Faculty & Staff

Charles E. Hilton

Charles Hilton

Visiting Assistant Professor
Biological Anthropology
Ph.D. University of New Mexico, 1997
M.P.H., University of Michigan, 2013
Email: cehilton@uncg.edu
Curriculum Vitae

Research Interests

  • Human evolutionary anatomy
  • Postcranial evolution of the genus Homo
  • Hunter-gatherer and pastoralist behavioral ecology
  • Human paleopathology
  • Epidemiology

Courses Taught

  • ATY 253: Introduction to Biological Anthropology
  • ATY 258: Introduction to Archaeology through World Prehistory
  • ATY 340: North American Archaeology
  • ATY 359: Forensic Anthropology
  • ATY 553:  Human Osteology

Personal Statement

My research is prompted by a desire to understand how small-scale human societies develop and evolve both short- and long-term biological and cultural responses to environmental settings that appear to offer limited resources.  Thus, I have a strong interest in the relationships between human biology, subsistence, subsistence-related habitual workloads, health, and cultural change in hunter-gatherers, pastoralists, and the earliest agriculturalists.  I have addressed these questions in the context of cultural research among Oklahoma Native Americans, archaeology in the Prehispanic American Southwest, behavioral ecology fieldwork among Venezuelan hunter-gatherers, extensive analyses of the skeletal remains of fossil and prehistoric human foragers, collaborative bioarchaeological excavations with Samburu pastoralists in Kenya, and recent fieldwork investigating health and morbidity within northern Kenyan pastoralist groups.  More recently, I am examining how health, disease burdens, and health disparities within such small-scale human societies are impacted by aspects of marginalization and political ecology. 


  • The Foragers of Point Hope: The Biology and Archaeology of Humans on the Edge of the Alaskan Arctic.  (with B. M. Auerbach and L. Cowgill, Cambridge University Press, in press - 2013).
  • From Biped to Strider: The Emergence of Modern Human Walking, Running, and Resource Transport.  (with J. D. Meldrum, Kluwer Academic/Plenum Press, 2004).


  • M. D. Ogilvie and C. E. Hilton. (2011) Cross-sectional geometry in the humeri of foragers and farmers from the Prehispanic American Southwest: Exploring patterns in the sexual division of labor.  American Journal of Physical Anthropology 144: 11-21. (view PDF)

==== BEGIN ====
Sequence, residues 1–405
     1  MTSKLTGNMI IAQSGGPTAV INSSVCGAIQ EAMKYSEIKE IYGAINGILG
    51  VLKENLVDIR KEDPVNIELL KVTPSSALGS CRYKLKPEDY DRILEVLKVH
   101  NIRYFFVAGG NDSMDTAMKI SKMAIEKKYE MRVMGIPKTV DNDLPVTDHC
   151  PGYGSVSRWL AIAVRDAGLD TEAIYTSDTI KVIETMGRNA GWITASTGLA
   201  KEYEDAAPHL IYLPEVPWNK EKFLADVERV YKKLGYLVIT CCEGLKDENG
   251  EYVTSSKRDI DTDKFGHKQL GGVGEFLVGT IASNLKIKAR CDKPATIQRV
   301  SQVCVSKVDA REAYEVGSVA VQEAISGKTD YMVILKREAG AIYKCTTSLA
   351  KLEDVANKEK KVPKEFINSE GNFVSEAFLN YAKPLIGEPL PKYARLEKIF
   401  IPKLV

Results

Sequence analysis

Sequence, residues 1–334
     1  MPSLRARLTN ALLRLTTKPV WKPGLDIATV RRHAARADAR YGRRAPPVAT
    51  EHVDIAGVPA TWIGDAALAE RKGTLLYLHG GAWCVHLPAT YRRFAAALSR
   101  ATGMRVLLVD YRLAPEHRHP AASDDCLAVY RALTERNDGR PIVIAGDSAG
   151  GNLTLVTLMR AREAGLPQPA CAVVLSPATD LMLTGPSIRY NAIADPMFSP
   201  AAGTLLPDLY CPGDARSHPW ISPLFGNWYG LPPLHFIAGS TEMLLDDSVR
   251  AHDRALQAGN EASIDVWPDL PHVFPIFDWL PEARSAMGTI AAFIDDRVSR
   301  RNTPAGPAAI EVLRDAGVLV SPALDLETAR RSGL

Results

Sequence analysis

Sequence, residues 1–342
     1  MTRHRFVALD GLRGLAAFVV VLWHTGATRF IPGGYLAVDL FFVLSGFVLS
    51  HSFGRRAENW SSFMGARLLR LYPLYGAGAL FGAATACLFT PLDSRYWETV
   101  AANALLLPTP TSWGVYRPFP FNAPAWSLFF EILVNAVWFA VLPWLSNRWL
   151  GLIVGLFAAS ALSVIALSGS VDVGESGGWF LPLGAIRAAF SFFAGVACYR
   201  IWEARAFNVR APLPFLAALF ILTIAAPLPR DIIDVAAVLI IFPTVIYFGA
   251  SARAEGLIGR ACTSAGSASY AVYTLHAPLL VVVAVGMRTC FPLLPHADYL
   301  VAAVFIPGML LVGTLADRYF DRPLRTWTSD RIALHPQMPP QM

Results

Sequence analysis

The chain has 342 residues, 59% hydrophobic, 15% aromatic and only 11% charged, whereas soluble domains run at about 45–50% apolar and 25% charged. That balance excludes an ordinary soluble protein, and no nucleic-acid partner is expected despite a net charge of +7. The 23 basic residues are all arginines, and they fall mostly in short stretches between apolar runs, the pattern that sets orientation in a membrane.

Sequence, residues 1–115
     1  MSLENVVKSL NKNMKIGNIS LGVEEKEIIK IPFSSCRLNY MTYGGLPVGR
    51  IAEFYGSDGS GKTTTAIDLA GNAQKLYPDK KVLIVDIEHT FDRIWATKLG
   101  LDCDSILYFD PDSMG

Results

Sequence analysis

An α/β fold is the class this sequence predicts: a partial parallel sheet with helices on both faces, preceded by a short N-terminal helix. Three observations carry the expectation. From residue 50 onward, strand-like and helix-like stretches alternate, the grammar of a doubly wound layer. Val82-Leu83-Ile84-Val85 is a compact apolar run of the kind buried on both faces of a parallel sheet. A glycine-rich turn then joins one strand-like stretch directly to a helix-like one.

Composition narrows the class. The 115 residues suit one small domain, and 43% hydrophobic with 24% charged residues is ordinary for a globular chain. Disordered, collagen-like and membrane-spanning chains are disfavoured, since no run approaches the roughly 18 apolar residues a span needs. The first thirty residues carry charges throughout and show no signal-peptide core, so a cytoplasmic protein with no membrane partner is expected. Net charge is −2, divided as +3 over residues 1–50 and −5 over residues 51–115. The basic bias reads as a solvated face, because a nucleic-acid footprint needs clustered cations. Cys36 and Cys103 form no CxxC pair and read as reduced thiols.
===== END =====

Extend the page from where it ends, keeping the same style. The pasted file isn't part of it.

• I. L. Pike, B. S. Straight, C. E. Hilton, M. Osterle, and A. Lanyasunya.  (2010) Documenting the health consequences of endemic warfare in three pastoralist communities in Northern Kenya: a conceptual framework. Special Issue: Violence, Conflict, and Health. Social Science & Medicine 70 (1): 45-52. (view PDF)
  • T. W. Holliday and C. E. Hilton.  (2010) Body proportions of circumpolar peoples as evidenced from skeletal data: Ipiutak and Tigara (Point Hope) versus Kodiak Island Inuit.  American Journal of Physical Anthropology. 142: 287-302. (view PDF)
  • C. E. Hilton and R. D. Greaves.  (2008) Seasonality and sex differences in travel distance and resource transport in Venezuelan foragers.  Current Anthropology 49 (1): 144-153. (view PDF)
  • M. D. Ogilvie and C. E. Hilton.  (2000) Ritualized violence in the prehistoric American Southwest.  International Journal of Osteoarchaeology 10: 27-48.

Current Projects

I am a collaborator on four current research projects related to biological adaptations, health, morbidity, and cultural buffering among hunter-gatherers and pastoralists.  The first examines biological evidence for cold adaptations in the 480+ precontact Arctic forager skeletons (at the American Museum of Natural History) from Point Hope, Alaska.  The second, with Dr. Marsha Ogilvie, is a comprehensive bioarchaeological investigation of cultural and biological adaptive variation in foragers of the Lower Pecos cultural region of the west Texas Chihuahuan desert during the Archaic Period.  I collaborate with Professors Bilinda Straight (Western Michigan Univ.) and Paul Lane (York University, UK), on a multidisciplinary project examining the evolution of pastoralism in northern Kenya.  Since 2008, I have participated on a National Science Foundation project, co-directed by Professors B. Straight (WMU) and Ivy Pike (Univ. of Arizona), examining the impact on health of chronic low-intensity violence associated with livestock raiding among northern Kenyan pastoralists.

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